Talking Hawaiian Shirts With Mr. Dirt Cheap – Orange County Register


Recently, I realized that my wardrobe was reduced to a lot of t-shirts, but hardly any real shirts.

My very pretty wife Raquel takes care of me by throwing away whatever she thinks is great or old, always without me knowing because I cling to things I love no matter what looks or what. ‘state. So, I went on a mission to find myself some new Hawaiian shirts for my closet. I feel good in these kind of shirts and I’m a fan of the vintage silky types we used to have in the 60s.

The mission was long and difficult.

After going to just about every store and surf shop you would think this sort of thing would be worn, I had no luck at all. Either they had nothing that I considered ‘cool’ or they had nothing that suited me – I wear 2XL or 3XL in most shirts (shut up, I have the broad shoulders of a lifetime paddling).

Then I tried google to find something. There you have it, there was a listing for a store, Dirt Cheap Plants and Hawaiian Shirts, in Costa Mesa. How could a store with a name like this NOT have what I was looking for?

So, with my son Tanner, we decided to check it out. We almost missed it because the store is at the back and not visible from the street. Luckily Tanner mapped it out and we went around and found it.

Wow, this was exactly the store I needed. Outside there were shelves of the kind of shirts I love and inside there were a lot more. This place is like the promised land for Aloha shirts and the like.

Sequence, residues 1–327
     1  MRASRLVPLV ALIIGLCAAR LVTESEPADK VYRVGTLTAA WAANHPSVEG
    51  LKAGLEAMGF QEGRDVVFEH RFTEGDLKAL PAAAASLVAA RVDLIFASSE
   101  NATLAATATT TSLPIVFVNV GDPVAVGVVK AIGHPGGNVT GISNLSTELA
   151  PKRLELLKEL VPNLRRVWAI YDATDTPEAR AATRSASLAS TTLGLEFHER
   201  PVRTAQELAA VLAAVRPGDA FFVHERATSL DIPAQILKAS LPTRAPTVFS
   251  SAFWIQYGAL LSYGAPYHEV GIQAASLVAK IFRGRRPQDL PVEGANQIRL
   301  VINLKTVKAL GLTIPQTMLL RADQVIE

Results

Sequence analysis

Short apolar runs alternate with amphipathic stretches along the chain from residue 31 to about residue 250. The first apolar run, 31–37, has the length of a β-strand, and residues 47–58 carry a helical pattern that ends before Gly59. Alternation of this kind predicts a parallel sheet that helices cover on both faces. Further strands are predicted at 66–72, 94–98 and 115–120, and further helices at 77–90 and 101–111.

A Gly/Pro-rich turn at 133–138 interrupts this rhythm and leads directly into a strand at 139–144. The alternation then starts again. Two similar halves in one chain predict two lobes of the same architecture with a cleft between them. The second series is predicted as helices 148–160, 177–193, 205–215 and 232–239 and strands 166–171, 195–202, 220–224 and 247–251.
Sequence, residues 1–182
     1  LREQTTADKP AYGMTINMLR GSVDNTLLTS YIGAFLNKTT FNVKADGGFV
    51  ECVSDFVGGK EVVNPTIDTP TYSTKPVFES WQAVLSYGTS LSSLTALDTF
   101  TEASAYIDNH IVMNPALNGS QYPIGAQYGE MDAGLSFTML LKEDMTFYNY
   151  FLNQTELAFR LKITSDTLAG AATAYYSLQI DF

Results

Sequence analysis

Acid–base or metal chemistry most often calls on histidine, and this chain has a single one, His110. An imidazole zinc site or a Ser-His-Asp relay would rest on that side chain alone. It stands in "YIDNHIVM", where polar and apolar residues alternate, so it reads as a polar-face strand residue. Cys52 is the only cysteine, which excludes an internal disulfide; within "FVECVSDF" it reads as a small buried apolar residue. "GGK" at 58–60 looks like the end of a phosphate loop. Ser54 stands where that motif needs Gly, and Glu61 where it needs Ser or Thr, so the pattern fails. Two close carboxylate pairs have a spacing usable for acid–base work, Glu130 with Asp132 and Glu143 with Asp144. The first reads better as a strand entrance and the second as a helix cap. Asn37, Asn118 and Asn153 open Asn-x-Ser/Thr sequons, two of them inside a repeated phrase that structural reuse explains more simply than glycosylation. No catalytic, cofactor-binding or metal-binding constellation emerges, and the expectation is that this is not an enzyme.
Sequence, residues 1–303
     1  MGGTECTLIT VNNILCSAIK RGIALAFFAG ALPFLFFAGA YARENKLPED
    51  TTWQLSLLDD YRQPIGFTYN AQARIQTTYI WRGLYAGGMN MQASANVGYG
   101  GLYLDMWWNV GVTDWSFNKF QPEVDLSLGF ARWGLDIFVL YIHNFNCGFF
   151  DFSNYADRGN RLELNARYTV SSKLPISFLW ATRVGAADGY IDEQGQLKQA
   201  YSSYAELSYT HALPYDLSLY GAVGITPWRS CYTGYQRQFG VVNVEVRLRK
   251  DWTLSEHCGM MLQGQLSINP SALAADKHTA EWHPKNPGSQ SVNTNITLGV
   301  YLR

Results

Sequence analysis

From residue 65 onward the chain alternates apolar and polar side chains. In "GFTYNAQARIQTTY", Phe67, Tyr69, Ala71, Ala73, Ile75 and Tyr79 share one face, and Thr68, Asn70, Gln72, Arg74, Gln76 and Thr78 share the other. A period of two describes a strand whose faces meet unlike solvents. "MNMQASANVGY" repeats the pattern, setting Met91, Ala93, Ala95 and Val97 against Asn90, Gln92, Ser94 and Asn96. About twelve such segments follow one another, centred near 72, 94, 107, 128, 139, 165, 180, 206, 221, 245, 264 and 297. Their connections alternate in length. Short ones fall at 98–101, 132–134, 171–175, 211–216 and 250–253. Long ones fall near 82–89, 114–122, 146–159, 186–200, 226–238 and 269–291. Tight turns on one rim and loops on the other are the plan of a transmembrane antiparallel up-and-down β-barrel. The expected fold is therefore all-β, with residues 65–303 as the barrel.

After quickly finding four gorgeous shirts and grabbing one for Tanner, I struck up a conversation with the owner, Nik Wassiliew (who goes by Mr. Dirt Cheap). Turns out we used to surf together back in the 60s in Doheny and share a lot of surf history.

I was so glad I found Nik and his store, I asked him to write down some info on “Dirt Cheap” and email it to me. The following is the short version of his story.

“I was born to Russian immigrants who settled in Orange in the early 1950s. I went to Orange High and in my senior year we had double sessions. My afternoons were free and spent mainly at Doheny to learn to surf. I started my life as a trader at 16 working for the Montgomery Ward warehouse in Anaheim and later their 17th Street store in Santa Ana.

“After high school I started in traditional clothing, working for Guy Livingston’s Fashion Square store in Santa Ana. This is where I got my first exposure to Reyn Spooner shirts.

“Having some agricultural training from my father, I started in the plant and flower business. All the while, I continued to surf and keep the “Spirit of Aloha” in my character. Throughout my life I have continued to collect unique Aloha and surf shirts. I put a small rack outside my plant store. Long story short, plant sales have gone down, luckily sales of Aloha shirts have gone up.

“Aloha shirts give me incredible positive energy. How could you not feel good with these rainbow colored tropical fabrics, right?

“I guess I have over 5,000 vintage clothes, surf shirts, shorts, jeans, shorts, jackets, shoes and god knows what else stored in big plastic bins. Really try to provide a huge selection of Aloha shirts at a reasonable price considering the condition and rarity of some, in sizes ranging from small to 3X.

“Inside the store is a special room filled with an almost 50-year-old collection of unique and rare Spooners, vintage surf shirts and eclectic clothing. As an example, given the season, I have Spooner’s first Christmas shirt from 1983. It’s undated because I think they never realized how popular it would become.

“I’m always happy to answer questions about Aloha / Spooner shirts, as there is so much misinformation in the market these days. Plus, if people are interested in vintage surf clothing, they can make an appointment to look in the trash cans.

I love this guy, and this store, and on top of that, he was the 2001 bodysurfing world champion. Looking for the perfect Christmas present for someone in your life who loves the Aloha vibe? This is your place.

The Dirt Cheap Hawaiian Shirt store is located at 440 E 17th St., Costa Mesa.


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